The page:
|Obituary Prof. Brauer|
Wilfried Brauer was born in 1937 in Berlin. He studied Mathematics, Physics, and Philosophy at the Free University of Berlin, and received a PhD in 1966 from the University of Bonn. Between 1967 and 1970 he taught some of the first Computer Science courses in Germany, and wrote together with Klaus Indermark the first German Computer Science textbook. After his Habilitation in 1970, also at the University of Bonn, he was appointed the first professor in Computer Science at the University of Hamburg in 1971. In 1985 he became the first holder of the Chair of Theoretical Computer Science and Foundations of Artificial Intelligence of the Technische Universität München
Wilfried Brauer was one of the first authors in the emerging field of Theoretical Computer Science in the 1960s and early 1970s. During the 70s he contributed to the theory of finite automata, with publications about the transition monoid, the cascade decomposition, and the theory of automata over arbitrary monoids. This work is documented in his 1984 monograph on automata theory. Since the late 70s Brauer became interested in the theory of distributed systems, in particular the theory of Petri nets and process algebras. In the 90s he worked intensely on the foundations of Artificial Intelligence, with numerous contributions to the theory of neural networks and multiagent systems.
Always in collaboration with his wife Ute, Wilfried Brauer decisively contributed to shaping, structuring, and expanding the TCS community, particularly in Europe. He was vice-president of the European Association of Theoretical Computer Science (EATCS) from 1985 to 1994, and president of the same society from 1994 to 1997. Together with his wife he wrote the Silver Jubilee article on the history of EATCS that can still be found at the home page of the organization. He also played an equally important role in the International Federation for Information Processing (IFIP), of which he was vice-president from 1994 to 1999. In Germany, Wilfried Brauer was president of the German Society for Informatics, the main German professional organization in Computer Science, from 1977 to 1979.
Wilfried Brauer was also very active as editor of journals and book series. In 1983 he became, together with G. Rozenberg and A. Salomaa, one of the founding editors of the EATCS Series of Monographs in Theoretical Computer Science. The series has published 57 volumes in all areas of Theoretical Computer Science, including many classic texts. In 1978 he became the first Editor in Chief of Informatik Spektrum, the main periodical of the German Society for Informatics. He stayed in this post until 1998. He co-authored a UNESCO-IFIP curriculum, which was translated into several languages, and in Germany he co-authored the "Studien- und Forschungsführer Informatik", a guide to Computer Science studies that very much contributed to establishing Computer Science as a discipline.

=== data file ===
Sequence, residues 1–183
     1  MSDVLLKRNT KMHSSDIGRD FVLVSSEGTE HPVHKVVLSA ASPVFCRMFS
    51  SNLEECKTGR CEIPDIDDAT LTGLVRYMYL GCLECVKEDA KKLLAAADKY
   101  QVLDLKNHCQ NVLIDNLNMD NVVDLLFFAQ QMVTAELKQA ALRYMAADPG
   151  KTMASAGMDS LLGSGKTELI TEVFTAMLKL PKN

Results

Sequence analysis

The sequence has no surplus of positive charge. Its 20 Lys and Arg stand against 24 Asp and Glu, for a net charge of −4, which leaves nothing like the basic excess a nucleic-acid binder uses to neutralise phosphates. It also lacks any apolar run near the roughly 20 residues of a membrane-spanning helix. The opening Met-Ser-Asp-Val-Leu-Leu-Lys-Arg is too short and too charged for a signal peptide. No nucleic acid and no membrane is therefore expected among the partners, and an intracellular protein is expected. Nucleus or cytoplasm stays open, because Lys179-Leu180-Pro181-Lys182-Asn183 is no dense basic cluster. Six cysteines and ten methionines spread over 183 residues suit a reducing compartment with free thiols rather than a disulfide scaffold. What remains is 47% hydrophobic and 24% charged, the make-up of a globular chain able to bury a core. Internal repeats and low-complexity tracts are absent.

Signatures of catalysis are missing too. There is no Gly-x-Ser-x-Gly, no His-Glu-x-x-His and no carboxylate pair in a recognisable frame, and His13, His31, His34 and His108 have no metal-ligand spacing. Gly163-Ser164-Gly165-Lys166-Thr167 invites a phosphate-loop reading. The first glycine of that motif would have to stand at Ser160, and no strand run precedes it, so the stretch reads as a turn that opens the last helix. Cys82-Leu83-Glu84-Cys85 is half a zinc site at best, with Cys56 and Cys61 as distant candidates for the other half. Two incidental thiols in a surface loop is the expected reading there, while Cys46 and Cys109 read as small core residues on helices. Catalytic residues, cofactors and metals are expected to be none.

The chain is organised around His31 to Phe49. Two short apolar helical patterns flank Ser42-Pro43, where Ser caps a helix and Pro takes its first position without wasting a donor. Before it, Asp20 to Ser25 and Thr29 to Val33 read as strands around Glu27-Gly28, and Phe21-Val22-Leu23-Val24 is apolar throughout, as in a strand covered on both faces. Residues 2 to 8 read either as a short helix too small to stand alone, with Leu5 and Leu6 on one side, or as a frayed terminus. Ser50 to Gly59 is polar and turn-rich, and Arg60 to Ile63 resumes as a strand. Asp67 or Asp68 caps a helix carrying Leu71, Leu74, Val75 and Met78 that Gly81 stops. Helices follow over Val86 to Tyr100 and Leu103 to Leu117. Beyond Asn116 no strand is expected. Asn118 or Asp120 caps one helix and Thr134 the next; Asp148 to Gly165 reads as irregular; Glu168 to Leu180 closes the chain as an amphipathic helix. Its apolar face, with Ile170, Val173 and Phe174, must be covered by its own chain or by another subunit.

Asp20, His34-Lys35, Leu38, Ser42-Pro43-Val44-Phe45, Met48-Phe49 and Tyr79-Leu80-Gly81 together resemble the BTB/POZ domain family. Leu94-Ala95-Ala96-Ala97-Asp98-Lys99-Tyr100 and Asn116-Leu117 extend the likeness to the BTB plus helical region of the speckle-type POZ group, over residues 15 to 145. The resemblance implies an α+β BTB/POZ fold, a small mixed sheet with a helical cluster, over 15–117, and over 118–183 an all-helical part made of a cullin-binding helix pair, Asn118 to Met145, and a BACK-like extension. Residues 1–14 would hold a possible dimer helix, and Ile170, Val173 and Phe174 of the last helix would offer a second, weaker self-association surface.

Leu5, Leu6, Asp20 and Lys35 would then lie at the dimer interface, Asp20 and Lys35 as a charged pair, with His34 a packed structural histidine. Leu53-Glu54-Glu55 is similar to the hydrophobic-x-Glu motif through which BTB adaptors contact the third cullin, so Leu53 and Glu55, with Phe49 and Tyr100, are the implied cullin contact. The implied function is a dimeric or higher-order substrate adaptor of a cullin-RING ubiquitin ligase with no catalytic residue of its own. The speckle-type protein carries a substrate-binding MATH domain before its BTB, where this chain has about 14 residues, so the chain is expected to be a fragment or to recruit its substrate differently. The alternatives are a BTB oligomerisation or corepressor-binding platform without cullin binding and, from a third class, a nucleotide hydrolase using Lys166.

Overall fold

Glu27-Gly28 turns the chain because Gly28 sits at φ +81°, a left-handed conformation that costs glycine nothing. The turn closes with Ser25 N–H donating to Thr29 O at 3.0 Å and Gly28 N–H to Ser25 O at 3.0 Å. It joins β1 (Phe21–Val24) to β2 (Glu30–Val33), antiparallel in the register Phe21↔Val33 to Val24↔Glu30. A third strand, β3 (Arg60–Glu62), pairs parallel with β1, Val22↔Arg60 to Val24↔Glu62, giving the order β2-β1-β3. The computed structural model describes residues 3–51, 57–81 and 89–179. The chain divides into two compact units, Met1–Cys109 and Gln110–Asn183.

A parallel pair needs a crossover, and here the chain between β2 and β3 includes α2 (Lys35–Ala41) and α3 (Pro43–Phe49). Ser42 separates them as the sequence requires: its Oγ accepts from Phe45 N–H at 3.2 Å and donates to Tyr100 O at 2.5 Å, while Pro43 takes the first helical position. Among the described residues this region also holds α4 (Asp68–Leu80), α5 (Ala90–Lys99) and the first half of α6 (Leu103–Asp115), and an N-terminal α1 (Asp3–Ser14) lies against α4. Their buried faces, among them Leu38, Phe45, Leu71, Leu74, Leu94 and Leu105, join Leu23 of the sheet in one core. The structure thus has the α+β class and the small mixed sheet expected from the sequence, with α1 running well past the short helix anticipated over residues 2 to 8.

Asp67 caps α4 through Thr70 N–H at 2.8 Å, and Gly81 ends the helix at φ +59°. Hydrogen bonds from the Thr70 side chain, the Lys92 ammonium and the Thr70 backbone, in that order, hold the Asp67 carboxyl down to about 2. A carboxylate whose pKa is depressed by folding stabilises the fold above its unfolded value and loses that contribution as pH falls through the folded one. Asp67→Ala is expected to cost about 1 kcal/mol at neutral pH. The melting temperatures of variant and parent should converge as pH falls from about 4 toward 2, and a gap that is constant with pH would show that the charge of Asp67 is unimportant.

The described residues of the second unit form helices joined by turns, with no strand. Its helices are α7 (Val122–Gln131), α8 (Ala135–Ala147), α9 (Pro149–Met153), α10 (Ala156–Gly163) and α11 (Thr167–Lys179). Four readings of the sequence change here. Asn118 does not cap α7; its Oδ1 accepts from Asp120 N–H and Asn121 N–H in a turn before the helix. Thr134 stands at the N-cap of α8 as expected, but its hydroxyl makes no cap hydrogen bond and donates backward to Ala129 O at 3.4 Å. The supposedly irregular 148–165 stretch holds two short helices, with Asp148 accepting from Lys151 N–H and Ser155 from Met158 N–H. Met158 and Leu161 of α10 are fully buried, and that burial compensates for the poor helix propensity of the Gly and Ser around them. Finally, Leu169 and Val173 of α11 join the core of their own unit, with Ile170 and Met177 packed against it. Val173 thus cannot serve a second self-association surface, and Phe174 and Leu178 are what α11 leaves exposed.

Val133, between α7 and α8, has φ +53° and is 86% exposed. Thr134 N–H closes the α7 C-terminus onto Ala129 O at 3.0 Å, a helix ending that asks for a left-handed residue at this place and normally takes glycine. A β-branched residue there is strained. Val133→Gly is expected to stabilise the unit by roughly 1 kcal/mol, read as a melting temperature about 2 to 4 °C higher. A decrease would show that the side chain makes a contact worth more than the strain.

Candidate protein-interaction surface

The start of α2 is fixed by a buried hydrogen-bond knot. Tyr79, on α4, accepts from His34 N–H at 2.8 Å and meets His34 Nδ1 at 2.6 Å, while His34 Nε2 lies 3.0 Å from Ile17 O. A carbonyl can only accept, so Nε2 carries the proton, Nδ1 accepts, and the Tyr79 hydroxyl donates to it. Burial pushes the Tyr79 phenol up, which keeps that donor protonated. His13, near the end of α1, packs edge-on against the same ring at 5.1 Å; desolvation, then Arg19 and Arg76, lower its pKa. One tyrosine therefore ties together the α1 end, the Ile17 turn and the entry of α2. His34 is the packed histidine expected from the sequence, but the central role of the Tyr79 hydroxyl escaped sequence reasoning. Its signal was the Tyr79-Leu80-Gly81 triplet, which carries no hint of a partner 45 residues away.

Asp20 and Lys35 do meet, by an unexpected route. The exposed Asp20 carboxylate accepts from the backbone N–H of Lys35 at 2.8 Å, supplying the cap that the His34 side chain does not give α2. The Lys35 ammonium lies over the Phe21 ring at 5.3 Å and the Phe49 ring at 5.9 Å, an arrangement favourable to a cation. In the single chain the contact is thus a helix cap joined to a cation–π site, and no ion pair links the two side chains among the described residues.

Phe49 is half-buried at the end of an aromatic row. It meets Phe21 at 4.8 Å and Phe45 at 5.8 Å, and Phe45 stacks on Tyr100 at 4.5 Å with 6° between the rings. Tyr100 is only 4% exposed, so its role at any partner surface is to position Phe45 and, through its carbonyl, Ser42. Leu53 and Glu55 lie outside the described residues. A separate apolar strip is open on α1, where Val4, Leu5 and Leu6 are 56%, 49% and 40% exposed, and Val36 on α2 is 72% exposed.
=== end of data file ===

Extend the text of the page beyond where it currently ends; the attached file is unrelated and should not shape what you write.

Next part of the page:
Already in the 70s, Ute and Wilfried Brauer argued that proper general education has to incorporate basic notions of Computer Science. In their influential publication "Informatics in School – Why and How?" (in German), they presented a vision of computer science education that is still relevant and suitable today. In 1989 Wilfried Brauer organized the first congress on Computer Science Education in Germany. More recently he substantially influenced the introduction of Computer Science as a subject in Bavarian high schools.
Wilfried Brauer received numerous awards for his achievements, including honorary doctorates from the Free University of Berlin and the University of Hamburg, the honorary membership of the German Society for Informatics, the first Fellowship of the University of Bremen, the IFIP Silver Core, the Werner Heisenberg Medal of the Alexander-von-Humboldt Foundation, the IFIP Isaac L. Auerbach Award, and, posthumously, one of the first Fellowships of the EATCS. He was a regular member of the Bavarian Academy of Sciences and the Humanities since 1996, and member of acatech, the technical division of the German Academy of Science.
Wolfgang Wahlster, former PhD student of Wilfried Brauer and a leading German computer scientist, described him in these words: "a cultivated and worldly man, a patient listener that approaches people with wit and humour [...] He combines in his person the archetypes of the German public servant and the English gentleman."
He will be very missed by all who knew him. Our thoughts are with his wife and closest collaborator Ute Brauer.